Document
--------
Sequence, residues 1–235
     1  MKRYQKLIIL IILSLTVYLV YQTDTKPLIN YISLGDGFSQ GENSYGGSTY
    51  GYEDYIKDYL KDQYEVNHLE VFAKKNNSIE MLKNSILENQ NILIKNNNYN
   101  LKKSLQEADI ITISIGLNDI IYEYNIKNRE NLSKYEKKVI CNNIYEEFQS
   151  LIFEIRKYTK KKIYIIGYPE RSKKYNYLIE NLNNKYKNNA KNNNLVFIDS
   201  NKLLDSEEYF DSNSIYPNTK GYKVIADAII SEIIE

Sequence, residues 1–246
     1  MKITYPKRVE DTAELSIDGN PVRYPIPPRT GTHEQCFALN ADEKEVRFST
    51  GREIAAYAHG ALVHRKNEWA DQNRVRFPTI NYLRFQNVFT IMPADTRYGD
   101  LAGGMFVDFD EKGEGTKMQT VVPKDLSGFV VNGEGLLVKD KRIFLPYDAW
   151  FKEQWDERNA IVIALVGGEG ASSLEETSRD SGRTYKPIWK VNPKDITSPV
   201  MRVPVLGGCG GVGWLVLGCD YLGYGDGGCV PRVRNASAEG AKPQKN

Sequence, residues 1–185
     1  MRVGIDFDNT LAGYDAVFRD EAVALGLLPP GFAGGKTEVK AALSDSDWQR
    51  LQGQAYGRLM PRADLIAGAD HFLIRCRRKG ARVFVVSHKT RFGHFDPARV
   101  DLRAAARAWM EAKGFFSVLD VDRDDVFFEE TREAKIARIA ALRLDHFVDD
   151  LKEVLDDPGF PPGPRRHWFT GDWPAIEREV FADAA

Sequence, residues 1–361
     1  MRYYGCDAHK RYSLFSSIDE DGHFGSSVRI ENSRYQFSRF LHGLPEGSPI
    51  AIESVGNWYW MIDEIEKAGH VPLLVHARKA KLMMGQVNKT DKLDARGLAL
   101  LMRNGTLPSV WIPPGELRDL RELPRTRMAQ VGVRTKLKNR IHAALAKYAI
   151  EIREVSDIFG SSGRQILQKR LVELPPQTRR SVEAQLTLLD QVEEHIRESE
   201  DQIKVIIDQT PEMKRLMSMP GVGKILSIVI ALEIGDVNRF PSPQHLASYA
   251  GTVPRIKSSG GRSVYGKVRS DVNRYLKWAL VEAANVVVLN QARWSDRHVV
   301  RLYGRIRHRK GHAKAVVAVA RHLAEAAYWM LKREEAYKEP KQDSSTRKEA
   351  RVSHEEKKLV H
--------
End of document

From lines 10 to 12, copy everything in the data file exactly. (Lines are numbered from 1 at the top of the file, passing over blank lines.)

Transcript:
   101  LAGGMFVDFD EKGEGTKMQT VVPKDLSGFV VNGEGLLVKD KRIFLPYDAW
   151  FKEQWDERNA IVIALVGGEG ASSLEETSRD SGRTYKPIWK VNPKDITSPV
   201  MRVPVLGGCG GVGWLVLGCD YLGYGDGGCV PRVRNASAEG AKPQKN